You will need to set up a new environment at home that enables your puppy to feel safe and secure.
Start your puppy off on the right track encouraging him or her to sleep away from you at night. Decide if your puppy is going to live indoors or outdoors early on. Remember puppies are not very good at keeping themselves warm so it needs to be in a sheltered area.
Create a “puppy domain” where your puppy can go to eat, drink and sleep comfortably. This is an area you want your puppy to feel safe so ensure there are no loud noises (such as the washing machine) that may frighten your puppy. Click here for the ideal puppy bed.
A good quality diet is imperative for a healthy puppy. Premium quality diets ensure your pup receives everything necessary for a growing body. Find out what your puppy is used to being fed before you get your puppy home and slowly introduce a new diet over 5-7 days to prevent tummy upsets.
Your puppy will need to be fed a puppy food until the age of one year.
Food and Water Bowls
Choose bowls that are easy to keep clean and sturdy enough to prevent your pup from tipping them over. Plastic, stainless steel, porcelain and ceramic bowls are available. Have an extra one available in case your pup does manage to knock it over or for hot days. Consider a portable water bowl for travelling or long walks.
If you already have your pup home, it is a good idea to get your puppy checked over by a vet at this age. It is never too early for a visit to the vet. Your vet will ensure there are no problems with your puppy such as a hernia that may need to be surgically repaired. The vet can also detect heart murmurs at this age and make sure your puppy is a healthy weight.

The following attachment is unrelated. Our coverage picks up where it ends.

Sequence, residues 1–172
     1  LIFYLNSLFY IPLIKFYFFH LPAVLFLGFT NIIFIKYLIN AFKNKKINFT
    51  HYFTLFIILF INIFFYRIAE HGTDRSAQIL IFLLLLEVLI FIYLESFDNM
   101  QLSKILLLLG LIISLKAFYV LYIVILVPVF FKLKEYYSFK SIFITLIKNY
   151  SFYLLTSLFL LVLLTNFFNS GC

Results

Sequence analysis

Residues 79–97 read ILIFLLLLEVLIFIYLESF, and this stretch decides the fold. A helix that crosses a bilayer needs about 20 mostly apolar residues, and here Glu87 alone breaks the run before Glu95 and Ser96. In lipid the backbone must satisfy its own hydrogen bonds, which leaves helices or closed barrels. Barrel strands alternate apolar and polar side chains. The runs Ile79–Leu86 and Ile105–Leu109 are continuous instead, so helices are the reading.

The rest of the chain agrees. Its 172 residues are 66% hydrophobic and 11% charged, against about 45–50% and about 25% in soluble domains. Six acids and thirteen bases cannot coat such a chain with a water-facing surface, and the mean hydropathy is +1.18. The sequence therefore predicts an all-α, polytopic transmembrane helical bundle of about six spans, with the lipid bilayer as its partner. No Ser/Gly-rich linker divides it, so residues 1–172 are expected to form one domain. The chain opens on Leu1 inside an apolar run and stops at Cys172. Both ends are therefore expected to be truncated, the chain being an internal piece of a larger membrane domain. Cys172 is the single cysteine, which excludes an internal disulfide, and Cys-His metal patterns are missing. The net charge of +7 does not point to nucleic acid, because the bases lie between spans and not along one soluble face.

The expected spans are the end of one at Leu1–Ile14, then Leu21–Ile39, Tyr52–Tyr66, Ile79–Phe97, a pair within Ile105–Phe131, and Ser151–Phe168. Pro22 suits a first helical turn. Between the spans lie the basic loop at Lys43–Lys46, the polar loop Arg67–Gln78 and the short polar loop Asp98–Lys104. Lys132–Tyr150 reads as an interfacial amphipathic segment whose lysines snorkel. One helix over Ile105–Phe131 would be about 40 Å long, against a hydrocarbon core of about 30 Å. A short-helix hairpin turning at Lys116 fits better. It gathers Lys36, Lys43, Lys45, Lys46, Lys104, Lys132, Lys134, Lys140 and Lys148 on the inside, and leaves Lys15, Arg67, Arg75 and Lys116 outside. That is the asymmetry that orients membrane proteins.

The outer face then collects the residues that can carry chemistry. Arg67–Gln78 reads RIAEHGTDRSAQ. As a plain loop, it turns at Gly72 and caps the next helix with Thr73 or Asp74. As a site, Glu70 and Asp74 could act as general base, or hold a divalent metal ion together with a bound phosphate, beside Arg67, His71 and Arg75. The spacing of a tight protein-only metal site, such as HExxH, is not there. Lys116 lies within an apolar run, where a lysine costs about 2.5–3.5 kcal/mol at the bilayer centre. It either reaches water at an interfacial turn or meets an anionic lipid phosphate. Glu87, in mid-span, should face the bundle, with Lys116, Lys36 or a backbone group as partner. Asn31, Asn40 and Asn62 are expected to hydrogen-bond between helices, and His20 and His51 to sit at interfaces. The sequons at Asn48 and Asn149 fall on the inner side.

Puppies need to commence vaccinations at 6-8 weeks of age. Your puppy should be given at least a C3 vaccination that prevents against Parvovirus, Canine Distemper and Infectious Canine Hepatitis.
Fleas are a common cause of skin disease in dogs. Their bite can cause intense itching and skin damage. Controlling fleas is vital if you want a healthy shiny coat and an itchy free puppy.
The key to keeping fleas under control is to use an effective flea control product and use it regularly. Most products involve a monthly spot on treatment. Flea collars and flea shampoos are not recommended as the chemicals are not very effective and can be harmful to you and your pet.
Good flea products actually break the life cycle of the flea. Start preventing against fleas now. Ask your vet about the best prevention for your puppy.
Are there ticks living in your area or do you plan to take your pet on holiday where there may be ticks? The paralysis tick is common along the east coast of Australia especially New South Wales and Queensland.
Once the tick attaches at a suitable site it begins to engorge with blood and will inject a potent toxin that causes muscle paralysis. It can potentially cause death if the muscles that help your pet breathe are paralysed. Talk to your veterinarian about the best prevention for your pet.
Intestinal worms can make a young puppy very sick and these can be transferred from the mother via her milk. Puppies need intestinal worming every 2 weeks up until they are 12 weeks old and then monthly until 6 months. Choose a good quality intestinal all wormer approved by your veterinarian.
There are many different health insurance policies available for your pet ranging from policies that cover general health check-ups to policies that cover more serious conditions. Pet insurance will help with unexpected costs and assist providing your pet with the best care when needed. Now is the time to consider pet insurance.